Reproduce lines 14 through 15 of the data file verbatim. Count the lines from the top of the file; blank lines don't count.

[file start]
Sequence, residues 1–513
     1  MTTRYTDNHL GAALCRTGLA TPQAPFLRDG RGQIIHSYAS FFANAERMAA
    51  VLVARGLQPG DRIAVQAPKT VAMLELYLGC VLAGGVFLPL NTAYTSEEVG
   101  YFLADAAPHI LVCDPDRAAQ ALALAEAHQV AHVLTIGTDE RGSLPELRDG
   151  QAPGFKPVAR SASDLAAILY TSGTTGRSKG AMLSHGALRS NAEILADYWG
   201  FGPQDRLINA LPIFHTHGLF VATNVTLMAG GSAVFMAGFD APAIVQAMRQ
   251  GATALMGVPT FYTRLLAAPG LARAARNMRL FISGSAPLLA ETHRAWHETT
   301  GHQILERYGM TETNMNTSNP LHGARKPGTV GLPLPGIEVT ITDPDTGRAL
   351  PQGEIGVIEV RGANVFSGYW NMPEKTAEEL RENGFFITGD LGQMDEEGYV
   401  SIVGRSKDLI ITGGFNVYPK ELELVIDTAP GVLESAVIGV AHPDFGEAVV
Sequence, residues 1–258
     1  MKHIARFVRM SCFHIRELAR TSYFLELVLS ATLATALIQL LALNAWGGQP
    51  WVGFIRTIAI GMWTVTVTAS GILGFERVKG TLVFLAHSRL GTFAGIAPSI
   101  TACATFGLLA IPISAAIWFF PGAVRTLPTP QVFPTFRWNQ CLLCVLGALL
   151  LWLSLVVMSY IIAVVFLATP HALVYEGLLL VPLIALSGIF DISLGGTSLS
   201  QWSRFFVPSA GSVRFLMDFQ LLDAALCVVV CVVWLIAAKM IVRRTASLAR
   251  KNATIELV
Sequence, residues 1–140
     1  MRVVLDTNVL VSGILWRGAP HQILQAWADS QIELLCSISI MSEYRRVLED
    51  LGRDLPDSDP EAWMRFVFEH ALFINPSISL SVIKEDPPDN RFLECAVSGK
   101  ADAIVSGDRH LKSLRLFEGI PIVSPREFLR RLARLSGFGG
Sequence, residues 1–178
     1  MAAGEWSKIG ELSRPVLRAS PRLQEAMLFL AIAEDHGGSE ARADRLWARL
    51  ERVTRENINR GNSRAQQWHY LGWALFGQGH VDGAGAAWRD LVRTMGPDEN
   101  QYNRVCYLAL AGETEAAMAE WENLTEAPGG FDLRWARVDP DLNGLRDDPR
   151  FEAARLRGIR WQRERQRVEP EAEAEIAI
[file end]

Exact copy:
   101  TACATFGLLA IPISAAIWFF PGAVRTLPTP QVFPTFRWNQ CLLCVLGALL
   151  LWLSLVVMSY IIAVVFLATP HALVYEGLLL VPLIALSGIF DISLGGTSLS